Cost Leadership:

No other EU airline can match, or come close to, Ryanair’s lowest unit costs and this cost gap is widening.  Airports across Europe are incentivising Ryanair’s reliable traffic growth. As others fail, these incentives are improving. Thanks to our balance sheet strength, our fuel is better hedged than most European competitors with 90% of our 12 month needs (to end Sept. 2019) hedged at approx. $68bbl, well below current spot prices of close to $85bbl.  FY19 is a year of investment in our people, our systems and our business as we prepare to grow to 200m guests p.a. In H1 ex-fuel unit costs increased by 7%. This includes 20% pay increases for pilots, investment in engineering headcount, pilot/cabin crew training costs and, regrettably, elevated EU261 costs arising from repeated ATC strikes/disruptions. Next spring, we take delivery of our first B737-MAX-200 “gamechanger” aircraft.  These planes have 4% more seats, yet are 16% more fuel efficient, have 40% lower noise emissions, are hedged at an average €/$ rate of $1.24 (for 210 aircraft out to FY24) and they will drive continuous unit cost reductions over the next 6 years.

ATC Strikes/Staff Shortages:

Repeated ATC strikes/staff shortages means that 2018 will be the worst year on record for European ATC disruptions. These have caused widespread damage to airline punctuality and schedules.  Ryanair’s H1 on-time fell to 75% from 86% (prior year), with all of this 11% decline due to ATC strikes and ATC staff shortages.  We’ve invested heavily to ensure that everything we control is delivering on-time departures.  We have changed our handling provider at Stansted to ensure that we receive dedicated passenger and aircraft handling, and eliminate the short staffing we suffered at times in Stansted this summer. Ryanair and other airlines have initiated legal action against the French Government to keep Europe’s skies open during French ATC disruptions.  A4E (Airlines for Europe) and Ryanair are also campaigning for the European Commission to take control of the EU air space so that overflights are not disrupted during national ATC strikes.  This does not alter or constrain any individual’s “right to strike” but tries to confine the impact of these ATC strikes to the actual country where the strike occurs.  We continue to call for urgent action from the EC to reduce ATC disruptions in S.19.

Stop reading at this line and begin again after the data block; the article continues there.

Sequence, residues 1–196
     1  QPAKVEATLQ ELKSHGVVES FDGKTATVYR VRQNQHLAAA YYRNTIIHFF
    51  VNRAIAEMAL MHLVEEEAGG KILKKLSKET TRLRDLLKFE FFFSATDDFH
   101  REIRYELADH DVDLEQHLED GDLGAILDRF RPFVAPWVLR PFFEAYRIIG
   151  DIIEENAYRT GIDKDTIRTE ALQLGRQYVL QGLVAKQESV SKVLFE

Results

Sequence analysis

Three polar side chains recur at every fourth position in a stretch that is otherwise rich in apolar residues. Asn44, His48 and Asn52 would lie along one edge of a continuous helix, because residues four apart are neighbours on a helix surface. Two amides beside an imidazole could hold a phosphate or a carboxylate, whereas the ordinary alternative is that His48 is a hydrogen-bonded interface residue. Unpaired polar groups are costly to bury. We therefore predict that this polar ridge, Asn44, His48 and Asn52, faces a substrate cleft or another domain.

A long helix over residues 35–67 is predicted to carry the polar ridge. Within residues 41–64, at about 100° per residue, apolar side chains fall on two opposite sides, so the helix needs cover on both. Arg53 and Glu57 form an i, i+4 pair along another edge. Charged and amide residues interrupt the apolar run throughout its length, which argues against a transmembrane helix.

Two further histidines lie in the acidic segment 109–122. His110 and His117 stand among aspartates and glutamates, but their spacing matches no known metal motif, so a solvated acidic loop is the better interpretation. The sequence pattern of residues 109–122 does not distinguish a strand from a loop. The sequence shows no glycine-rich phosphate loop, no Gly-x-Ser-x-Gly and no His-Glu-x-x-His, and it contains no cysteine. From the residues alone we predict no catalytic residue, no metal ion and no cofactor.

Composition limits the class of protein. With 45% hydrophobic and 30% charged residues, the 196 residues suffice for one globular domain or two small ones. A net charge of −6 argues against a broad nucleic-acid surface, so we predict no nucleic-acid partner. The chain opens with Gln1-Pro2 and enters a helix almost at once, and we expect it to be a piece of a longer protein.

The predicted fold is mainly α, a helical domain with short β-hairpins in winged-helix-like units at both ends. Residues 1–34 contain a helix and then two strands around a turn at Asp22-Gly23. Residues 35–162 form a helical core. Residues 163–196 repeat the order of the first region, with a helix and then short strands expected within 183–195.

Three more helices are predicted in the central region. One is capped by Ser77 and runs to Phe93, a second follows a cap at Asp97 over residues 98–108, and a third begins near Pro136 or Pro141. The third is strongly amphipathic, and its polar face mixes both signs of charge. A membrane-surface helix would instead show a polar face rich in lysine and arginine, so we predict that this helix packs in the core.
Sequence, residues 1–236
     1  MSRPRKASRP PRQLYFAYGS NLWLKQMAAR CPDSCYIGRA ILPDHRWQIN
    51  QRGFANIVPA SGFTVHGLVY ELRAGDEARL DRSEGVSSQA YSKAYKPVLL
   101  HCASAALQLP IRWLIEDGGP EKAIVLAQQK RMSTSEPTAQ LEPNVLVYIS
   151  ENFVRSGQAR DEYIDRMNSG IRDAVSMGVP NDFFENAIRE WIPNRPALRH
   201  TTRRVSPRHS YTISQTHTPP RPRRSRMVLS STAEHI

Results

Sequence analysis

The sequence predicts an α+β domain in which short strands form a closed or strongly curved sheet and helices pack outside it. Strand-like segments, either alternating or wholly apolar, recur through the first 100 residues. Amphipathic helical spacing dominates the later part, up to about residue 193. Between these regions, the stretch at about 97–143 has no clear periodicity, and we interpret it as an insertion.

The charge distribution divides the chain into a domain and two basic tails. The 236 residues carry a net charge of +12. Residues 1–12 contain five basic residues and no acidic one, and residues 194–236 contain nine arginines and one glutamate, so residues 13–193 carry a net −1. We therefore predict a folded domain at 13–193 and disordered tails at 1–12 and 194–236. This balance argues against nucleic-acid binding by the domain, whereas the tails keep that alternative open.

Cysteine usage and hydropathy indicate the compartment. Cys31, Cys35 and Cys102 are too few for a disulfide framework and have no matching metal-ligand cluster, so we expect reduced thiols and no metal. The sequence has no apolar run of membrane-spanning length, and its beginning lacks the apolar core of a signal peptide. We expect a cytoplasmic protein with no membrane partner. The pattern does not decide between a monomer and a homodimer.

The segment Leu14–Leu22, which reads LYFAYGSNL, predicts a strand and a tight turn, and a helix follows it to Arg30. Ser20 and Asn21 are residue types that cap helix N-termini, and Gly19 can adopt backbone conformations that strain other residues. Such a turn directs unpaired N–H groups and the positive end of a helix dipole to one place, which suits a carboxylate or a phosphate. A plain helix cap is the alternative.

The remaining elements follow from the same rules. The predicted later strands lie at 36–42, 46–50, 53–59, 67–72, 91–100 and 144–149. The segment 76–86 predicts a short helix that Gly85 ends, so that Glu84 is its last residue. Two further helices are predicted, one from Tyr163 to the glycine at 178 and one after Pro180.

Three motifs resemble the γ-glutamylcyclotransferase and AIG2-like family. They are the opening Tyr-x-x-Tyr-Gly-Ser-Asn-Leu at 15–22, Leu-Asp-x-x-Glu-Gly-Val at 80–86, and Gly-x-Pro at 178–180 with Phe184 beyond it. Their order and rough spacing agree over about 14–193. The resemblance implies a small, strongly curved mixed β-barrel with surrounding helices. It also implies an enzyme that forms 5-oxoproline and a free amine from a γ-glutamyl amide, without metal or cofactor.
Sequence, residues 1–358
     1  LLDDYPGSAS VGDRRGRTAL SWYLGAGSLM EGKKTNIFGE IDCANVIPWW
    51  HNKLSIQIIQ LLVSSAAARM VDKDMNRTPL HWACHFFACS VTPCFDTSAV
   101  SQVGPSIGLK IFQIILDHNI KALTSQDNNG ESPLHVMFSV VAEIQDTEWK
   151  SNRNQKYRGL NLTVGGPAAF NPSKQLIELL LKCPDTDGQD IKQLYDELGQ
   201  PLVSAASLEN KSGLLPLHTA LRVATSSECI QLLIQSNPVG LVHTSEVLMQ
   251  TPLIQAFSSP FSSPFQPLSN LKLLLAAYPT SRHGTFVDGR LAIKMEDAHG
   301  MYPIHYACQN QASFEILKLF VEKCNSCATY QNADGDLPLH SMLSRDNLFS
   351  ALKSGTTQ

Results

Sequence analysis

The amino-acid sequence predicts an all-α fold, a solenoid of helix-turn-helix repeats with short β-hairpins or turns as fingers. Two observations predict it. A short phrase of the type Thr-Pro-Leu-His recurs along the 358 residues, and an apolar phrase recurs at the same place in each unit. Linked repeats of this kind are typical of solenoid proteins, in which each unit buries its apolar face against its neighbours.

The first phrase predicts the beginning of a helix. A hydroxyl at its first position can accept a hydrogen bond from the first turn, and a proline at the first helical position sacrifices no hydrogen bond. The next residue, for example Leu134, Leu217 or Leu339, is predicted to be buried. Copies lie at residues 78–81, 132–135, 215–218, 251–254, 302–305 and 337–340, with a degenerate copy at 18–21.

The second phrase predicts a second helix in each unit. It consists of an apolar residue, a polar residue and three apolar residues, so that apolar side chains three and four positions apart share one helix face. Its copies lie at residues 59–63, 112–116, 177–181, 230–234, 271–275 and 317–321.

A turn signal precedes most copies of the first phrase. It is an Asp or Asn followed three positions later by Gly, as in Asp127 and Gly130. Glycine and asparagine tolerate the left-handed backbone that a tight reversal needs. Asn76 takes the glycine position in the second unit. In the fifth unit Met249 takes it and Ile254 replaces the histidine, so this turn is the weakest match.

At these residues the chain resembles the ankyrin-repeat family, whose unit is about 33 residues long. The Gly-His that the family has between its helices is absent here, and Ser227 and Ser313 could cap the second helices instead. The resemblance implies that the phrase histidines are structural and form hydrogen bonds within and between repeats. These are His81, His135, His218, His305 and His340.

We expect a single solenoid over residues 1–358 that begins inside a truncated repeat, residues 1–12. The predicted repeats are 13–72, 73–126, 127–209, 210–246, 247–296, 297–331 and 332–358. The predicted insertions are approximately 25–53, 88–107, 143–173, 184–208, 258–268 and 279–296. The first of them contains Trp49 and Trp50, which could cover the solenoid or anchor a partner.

Union Progress:

Since Ryanair agreed to recognise unions in December 2017, we’ve made good progress with our union negotiations in major markets including agreements with pilot and cabin crew unions in Ireland, Italy, the UK, Germany (cabin crew) and last week an agreement with our Portuguese pilots.  We continue to engage with unions in our other major markets.  Progress has been slower in other markets such as Spain & Portugal (cabin crew) and Germany (pilots) where competitor employees have interfered to delay agreements with our people and their unions.  While we suffered a small number (just 8 days) of limited strikes this summer, we worked well to minimise disruptions to our customers by operating over 90% of our schedules on each of these days, thanks in large measure to the efforts of the majority of pilots and cabin crew who did not support these disruptions and worked normally.  Ryanair has shown over the past 10 months that we can, and will, work with unions to reach fair and reasonable agreements for our people while retaining our competitiveness and efficiency.  We can also manage strikes, although we do our utmost to avoid them. We will continue to negotiate and conclude union agreements over this winter.  While we hope to finalise more union agreements in the coming months, we cannot rule out occasional industrial action, but we expect their impact to be very limited.